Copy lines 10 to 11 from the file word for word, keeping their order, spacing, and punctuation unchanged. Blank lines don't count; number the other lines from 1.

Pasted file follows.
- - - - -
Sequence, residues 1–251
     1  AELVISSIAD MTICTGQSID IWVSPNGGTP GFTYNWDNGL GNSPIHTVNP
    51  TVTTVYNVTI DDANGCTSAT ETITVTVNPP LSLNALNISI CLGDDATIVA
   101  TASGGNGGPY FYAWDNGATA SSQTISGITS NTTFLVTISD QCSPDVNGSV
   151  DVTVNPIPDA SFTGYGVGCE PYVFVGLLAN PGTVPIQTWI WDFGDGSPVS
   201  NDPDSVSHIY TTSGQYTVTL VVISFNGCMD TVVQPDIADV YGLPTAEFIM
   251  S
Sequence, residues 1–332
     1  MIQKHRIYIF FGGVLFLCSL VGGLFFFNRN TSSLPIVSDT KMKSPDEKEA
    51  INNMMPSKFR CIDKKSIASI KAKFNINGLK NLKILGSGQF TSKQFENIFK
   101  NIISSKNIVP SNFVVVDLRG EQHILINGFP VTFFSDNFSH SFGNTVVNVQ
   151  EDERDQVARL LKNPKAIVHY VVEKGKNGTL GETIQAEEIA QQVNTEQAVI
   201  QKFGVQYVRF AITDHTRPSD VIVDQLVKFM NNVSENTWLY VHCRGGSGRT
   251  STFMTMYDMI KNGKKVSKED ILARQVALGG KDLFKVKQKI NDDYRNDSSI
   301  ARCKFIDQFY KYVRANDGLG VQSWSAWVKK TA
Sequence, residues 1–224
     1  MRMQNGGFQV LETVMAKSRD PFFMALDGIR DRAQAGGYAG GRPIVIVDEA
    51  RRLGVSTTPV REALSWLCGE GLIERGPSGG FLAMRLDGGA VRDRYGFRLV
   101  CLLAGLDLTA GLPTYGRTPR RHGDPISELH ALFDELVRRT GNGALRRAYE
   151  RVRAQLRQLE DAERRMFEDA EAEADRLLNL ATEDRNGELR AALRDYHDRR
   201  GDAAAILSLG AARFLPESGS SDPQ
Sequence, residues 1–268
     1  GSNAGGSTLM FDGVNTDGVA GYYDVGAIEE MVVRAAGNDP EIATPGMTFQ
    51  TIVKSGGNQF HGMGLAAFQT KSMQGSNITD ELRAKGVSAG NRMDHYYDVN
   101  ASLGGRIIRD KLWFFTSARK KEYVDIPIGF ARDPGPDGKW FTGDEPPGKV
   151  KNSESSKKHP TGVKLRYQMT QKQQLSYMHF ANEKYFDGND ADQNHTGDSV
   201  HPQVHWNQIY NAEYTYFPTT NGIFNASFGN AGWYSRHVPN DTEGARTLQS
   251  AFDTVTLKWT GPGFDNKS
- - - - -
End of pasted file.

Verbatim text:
    51  INNMMPSKFR CIDKKSIASI KAKFNINGLK NLKILGSGQF TSKQFENIFK
   101  NIISSKNIVP SNFVVVDLRG EQHILINGFP VTFFSDNFSH SFGNTVVNVQ